I'm so glad you've joined our collaborative Book Study on Mathematical Mindsets by Jo Boaler! If you've missed the first few chapters, no worries; you can catch up below:Chapter Summary
This chapter is all about how to take mundane math tasks and turn them into vehicles for learning and inquiry. I love the term Boaler uses: math excitement. Truthfully, I had never thought of math in terms of excitement (but after reading this chapter, I too, am excited about math!)
Students need TIME to explore, discover, and multiple opportunities to share! Kids can learn so much from their peers! Give them open-ended problems and don't teach the "How" first; allow students to come up with their own observations and explanations.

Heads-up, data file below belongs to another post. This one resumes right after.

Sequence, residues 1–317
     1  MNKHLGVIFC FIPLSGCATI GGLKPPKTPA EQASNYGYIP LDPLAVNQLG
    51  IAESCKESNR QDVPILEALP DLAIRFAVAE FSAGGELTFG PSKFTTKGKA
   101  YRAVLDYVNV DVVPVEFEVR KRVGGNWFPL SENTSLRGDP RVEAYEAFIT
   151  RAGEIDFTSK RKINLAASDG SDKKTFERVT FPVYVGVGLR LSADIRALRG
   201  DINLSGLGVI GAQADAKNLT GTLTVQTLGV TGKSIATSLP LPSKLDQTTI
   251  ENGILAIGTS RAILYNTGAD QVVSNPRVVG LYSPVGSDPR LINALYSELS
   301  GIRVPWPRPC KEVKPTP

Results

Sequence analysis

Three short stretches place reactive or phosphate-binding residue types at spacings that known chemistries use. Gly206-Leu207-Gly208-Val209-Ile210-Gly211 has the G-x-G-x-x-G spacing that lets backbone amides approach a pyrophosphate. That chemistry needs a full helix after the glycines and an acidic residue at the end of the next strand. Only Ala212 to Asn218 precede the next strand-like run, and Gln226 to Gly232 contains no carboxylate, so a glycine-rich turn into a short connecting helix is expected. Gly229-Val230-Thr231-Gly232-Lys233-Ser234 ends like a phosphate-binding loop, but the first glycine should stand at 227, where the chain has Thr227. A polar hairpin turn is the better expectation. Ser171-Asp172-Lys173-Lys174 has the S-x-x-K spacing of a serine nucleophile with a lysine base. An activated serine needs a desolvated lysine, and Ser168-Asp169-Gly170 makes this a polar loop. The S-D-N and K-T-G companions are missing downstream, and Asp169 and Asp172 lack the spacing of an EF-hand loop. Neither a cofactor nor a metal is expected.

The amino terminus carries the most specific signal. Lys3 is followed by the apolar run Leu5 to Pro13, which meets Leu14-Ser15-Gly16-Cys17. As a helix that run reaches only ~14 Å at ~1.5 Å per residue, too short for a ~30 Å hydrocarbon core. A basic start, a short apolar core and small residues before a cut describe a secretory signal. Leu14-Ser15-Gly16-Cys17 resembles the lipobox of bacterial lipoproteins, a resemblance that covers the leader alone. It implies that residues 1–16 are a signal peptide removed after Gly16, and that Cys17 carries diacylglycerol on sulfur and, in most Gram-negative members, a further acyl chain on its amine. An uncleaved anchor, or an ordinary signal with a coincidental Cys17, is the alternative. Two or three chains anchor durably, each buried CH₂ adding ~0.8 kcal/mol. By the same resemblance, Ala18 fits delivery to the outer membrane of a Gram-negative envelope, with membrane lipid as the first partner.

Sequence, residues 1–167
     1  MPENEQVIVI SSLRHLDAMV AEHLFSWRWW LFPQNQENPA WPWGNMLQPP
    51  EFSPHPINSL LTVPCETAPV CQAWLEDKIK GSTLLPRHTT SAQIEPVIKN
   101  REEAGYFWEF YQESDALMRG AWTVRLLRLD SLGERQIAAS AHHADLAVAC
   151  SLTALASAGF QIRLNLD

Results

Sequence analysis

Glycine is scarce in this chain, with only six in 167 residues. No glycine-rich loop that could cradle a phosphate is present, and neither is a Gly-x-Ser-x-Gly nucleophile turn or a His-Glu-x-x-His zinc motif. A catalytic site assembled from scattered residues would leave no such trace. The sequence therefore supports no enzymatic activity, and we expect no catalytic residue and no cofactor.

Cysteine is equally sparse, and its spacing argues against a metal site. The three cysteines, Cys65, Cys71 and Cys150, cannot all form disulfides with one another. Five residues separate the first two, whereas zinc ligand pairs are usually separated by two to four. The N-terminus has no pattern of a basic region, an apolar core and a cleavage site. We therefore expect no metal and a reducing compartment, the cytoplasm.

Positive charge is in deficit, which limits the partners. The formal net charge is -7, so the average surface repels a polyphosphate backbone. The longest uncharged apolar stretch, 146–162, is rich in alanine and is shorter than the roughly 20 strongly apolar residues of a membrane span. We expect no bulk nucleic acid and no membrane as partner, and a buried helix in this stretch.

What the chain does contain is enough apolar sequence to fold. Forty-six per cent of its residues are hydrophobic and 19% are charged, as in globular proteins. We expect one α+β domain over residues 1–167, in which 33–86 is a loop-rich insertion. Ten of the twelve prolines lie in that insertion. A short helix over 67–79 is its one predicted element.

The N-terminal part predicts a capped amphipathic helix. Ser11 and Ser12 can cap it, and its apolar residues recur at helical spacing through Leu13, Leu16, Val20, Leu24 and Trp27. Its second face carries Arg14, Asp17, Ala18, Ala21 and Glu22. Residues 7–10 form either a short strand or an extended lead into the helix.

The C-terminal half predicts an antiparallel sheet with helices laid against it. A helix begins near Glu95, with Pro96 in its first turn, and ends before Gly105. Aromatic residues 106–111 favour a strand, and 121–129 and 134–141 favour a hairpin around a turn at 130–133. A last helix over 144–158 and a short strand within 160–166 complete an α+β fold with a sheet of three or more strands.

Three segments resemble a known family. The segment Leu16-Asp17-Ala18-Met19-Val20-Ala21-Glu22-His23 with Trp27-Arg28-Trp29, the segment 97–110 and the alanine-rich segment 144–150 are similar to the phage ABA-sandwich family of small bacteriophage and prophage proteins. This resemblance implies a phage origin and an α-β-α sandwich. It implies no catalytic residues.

YouCubed.org. Not only is it a plethora of resources, but she has put together your first week of school called A Week of Inspirational Math.
Remember to not always be so quick to teach rules and algorithms. They won't make sense to students unless they understand WHY and how mathematics works! Here are some samples of second graders working out the problem: "What is the difference between 72 and 55?"
Focus on problem solving and discovering a variety of strategies. What makes sense to each student? How can they show their thinking visually and explain their thought process? You may be interested in my math problem solving booklets, one for each month. Check them out in my TpT store here.